Out of Bounds: Top 10 Sports Movies Since 2000, Sports in Pop Culture Part One

Movies take us back to another time. For a brief second we may be transported back in time, we can become someone other than ourselves. Nothing does this better than sports movies. Mostly biographical in nature, they still leave us on the edge of our seats despite usually knowing the ending. I choose to rank the top ten sports movies of the new millennium. It is tough to rank the best of all time, but also I think as time moves on, these are the movies that this generation will sit their kids down to watch. These are the new “Hoosiers,” “Rudy” and “Rocky” of the world.

10. The Blindside (2009)

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Based again on a book of the same name by Michael Lewis, it’s a feel good story about a well-off Caucasian family that takes in high school student Michael Oher, who needs a place to stay and never had his own bed. In my opinion, the film takes one too many dramatic liberties. For example, every school in the Southeastern Conference wants Oher after only seeing one play on one recruiting tape. Another flaw is that Oher somehow has a complete lack of football knowledge when he tries to begin to play.

Regardless, it’s still a solid movie with lots of laughs and drama along the way, but unfortunately censored behind the Disney façade. “The Blindside” gets into my top ten because of Sandra Bullock’s performance as a southern woman with a big heart. The film earned an Academy Award for Best Picture and Bullock took home the Oscar and Golden Globe for Best Actress in a Leading Role.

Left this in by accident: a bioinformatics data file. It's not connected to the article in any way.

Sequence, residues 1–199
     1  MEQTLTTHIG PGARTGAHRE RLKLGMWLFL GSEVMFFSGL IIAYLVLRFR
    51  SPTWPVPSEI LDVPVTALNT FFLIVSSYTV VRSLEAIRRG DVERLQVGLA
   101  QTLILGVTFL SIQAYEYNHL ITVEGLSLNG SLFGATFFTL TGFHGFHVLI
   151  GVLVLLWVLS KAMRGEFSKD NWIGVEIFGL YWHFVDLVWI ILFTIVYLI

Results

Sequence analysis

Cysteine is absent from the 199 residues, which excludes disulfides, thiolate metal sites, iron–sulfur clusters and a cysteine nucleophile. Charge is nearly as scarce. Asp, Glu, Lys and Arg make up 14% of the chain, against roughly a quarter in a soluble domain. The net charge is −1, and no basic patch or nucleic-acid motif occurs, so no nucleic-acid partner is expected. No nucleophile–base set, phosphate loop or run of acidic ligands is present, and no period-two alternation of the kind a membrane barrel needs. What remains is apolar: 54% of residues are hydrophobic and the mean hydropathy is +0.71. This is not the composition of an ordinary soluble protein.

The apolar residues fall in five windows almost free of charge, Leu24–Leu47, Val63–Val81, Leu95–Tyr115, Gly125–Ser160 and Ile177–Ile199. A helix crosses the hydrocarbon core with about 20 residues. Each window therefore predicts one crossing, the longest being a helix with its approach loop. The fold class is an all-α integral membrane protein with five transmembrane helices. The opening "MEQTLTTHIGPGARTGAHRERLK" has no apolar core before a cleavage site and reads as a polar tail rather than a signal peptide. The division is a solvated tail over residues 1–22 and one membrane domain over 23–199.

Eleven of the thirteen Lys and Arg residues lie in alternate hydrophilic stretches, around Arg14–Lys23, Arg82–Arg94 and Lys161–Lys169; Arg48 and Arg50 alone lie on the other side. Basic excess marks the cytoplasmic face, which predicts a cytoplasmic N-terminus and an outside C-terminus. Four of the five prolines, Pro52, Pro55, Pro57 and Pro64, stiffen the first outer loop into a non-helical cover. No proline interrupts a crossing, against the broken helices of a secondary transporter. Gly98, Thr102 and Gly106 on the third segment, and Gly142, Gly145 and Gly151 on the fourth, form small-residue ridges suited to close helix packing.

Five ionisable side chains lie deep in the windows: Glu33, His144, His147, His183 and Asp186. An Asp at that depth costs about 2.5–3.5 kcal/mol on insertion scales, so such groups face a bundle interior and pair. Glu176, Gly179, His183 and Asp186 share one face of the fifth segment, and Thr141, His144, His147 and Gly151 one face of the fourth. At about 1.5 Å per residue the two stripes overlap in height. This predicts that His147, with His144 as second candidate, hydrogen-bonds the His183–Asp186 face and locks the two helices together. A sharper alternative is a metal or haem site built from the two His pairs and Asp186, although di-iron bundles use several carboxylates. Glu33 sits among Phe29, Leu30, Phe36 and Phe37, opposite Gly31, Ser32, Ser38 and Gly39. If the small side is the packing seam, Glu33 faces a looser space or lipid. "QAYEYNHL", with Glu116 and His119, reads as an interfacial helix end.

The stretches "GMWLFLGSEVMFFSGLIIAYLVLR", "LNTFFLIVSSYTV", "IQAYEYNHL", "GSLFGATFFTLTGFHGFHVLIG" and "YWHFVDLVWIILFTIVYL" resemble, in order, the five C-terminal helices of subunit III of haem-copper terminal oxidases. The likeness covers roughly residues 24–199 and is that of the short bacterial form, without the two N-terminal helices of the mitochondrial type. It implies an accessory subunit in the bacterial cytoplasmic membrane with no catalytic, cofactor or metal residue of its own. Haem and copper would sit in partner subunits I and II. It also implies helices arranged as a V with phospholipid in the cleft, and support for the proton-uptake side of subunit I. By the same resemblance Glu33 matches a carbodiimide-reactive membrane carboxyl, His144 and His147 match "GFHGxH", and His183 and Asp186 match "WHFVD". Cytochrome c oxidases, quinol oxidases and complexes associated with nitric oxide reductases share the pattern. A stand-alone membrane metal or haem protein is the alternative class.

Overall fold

9. Coach Carter (2005)

Although it has a bit more of a made-for-TV feel, “Coach Carter” is still a very good movie. This one gets points for its commentary on the American public education system. The basketball scenes are again terrific and Samuel L. Jackson as Coach Ken Carter gives a very strong performance as the disciplinarian coach of the 1999 Richmond Oilers, who, despite a low graduation rate at the school as a whole, send six players to college. A portrayal of a broken American school system, it truly shows the struggle of kids both on and off the court.